Past events

Probes of quantum behaviour in organic molecules

Prof. Vlatko Vedral, University of Oxford & National University of Singapore

Part of the Zepler Institute Quantum Science Distinguished Lecture Series


A growing body of evidence suggests that biological processes could be utilising quantum coherence, superpositions, and even, in some cases, quantum entanglement to perform various tasks with higher efficiency. I will first briefly summarize the existing evidence for quantum effects, including two of the most famous examples of biological processes: photosynthesis and magneto-reception. I will then present the key features of modeling the flow of energy in complex systems. The main challenge is to experimentally obtain a handful of parameters believed to be important for describing the interplay between coherence (within the system) and noise (arising due to the interaction or the system with its environment). I will present single molecule spectroscopy experiments we are currently undertaking in our laboratory to obtain a better understanding of quantum effects in biomolecules. Finally, I will explain how to set up experiments to test both quantum coherence as well as thermodynamical properties of energy transport.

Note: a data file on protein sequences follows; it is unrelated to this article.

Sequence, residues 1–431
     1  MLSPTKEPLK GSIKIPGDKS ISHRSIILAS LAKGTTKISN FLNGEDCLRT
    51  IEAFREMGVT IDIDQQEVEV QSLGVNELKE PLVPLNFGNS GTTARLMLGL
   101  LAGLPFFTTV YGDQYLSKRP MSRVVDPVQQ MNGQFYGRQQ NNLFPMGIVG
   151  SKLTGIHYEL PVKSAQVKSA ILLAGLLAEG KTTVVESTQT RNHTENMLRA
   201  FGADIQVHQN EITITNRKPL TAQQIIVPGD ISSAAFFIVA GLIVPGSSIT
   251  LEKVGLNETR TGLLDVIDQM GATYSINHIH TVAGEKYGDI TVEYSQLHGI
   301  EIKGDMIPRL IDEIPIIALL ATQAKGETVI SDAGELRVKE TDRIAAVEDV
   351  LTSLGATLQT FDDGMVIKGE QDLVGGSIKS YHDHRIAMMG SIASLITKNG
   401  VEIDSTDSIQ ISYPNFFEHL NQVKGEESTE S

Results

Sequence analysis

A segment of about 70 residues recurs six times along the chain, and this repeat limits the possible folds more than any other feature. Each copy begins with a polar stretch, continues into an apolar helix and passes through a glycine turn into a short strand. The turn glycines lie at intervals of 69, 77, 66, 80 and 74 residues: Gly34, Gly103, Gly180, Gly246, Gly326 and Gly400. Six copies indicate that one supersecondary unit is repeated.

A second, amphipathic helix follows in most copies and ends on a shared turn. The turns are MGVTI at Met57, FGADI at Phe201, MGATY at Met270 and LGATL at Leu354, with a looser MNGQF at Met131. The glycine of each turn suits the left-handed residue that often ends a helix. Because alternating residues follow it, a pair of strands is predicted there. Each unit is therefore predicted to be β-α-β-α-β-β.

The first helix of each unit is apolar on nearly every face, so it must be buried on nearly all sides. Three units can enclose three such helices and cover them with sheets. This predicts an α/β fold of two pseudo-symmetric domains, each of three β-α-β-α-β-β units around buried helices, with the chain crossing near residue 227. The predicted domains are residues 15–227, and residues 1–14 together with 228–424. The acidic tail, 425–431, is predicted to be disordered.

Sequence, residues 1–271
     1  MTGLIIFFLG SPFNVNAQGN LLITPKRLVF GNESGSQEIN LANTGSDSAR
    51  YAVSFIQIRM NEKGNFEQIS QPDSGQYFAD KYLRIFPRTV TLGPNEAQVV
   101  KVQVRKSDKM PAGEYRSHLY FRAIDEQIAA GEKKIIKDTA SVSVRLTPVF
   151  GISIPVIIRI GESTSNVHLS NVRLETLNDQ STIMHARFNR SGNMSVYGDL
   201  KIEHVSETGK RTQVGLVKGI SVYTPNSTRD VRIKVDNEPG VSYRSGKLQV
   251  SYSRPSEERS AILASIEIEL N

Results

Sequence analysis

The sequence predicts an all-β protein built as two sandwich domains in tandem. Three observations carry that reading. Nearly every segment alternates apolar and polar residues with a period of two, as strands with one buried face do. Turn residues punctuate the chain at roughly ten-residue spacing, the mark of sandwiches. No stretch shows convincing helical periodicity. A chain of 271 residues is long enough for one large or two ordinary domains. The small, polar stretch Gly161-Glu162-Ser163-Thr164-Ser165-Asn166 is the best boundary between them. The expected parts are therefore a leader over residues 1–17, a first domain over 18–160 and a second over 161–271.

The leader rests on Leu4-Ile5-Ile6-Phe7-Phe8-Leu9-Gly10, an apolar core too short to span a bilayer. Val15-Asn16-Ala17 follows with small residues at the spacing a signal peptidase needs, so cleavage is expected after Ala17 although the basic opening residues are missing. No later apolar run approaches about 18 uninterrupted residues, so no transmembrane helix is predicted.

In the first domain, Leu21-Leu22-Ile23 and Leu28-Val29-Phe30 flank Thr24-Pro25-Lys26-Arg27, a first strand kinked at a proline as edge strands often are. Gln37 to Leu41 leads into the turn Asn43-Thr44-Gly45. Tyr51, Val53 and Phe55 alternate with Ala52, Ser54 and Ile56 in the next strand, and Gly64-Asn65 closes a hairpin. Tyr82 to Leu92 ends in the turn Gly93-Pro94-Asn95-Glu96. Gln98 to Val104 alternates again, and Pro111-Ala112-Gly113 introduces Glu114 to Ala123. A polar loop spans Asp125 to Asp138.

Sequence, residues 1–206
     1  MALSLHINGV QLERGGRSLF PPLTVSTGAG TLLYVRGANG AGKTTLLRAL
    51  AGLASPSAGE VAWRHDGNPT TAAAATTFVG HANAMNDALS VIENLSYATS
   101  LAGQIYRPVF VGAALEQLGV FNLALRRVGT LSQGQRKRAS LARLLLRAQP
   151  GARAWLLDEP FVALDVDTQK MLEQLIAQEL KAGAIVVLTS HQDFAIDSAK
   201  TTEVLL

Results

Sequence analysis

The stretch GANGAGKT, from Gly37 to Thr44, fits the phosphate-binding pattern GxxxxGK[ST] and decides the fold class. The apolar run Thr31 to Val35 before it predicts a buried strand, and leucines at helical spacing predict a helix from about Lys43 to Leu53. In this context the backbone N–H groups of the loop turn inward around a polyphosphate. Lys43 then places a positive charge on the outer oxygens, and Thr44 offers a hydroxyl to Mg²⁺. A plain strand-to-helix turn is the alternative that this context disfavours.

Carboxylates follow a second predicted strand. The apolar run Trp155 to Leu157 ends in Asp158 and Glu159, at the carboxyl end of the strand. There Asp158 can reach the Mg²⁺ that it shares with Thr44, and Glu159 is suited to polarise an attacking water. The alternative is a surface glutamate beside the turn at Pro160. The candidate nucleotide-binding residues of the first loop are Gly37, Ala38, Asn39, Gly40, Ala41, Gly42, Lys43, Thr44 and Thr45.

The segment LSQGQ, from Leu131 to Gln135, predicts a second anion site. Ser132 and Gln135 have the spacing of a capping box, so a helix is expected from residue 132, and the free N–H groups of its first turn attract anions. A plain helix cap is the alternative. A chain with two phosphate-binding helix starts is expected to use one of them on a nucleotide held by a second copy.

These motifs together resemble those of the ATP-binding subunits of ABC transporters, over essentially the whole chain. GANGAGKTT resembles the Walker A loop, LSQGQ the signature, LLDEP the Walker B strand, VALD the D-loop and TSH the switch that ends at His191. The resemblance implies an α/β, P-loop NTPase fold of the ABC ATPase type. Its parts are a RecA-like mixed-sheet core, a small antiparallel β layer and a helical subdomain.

Short bio

Vlatko Vedral is a professor of quantum information theory at the University of Oxford and professor of physics at the National University of Singapore (where he is a PI at the Centre for Quantum Technologies). He is the Director of the Oxford Martin School institute on “bio-inspired quantum technologies”. This explores the exciting possibility that living systems are subject to useful quantum effects, with a view to deriving and reverse-engineering architectures to inspire future quantum technologies that will help address serious challenges facing humanity in the 21st century. He has received numerous awards in recognition for his contribution to the development of the field, including the Royal Society Wolfson Research Merit Award and the World Scientific Medal and Prize. He has over 220 publications on quantum physics and collaborates in many inter-disciplinary international networks.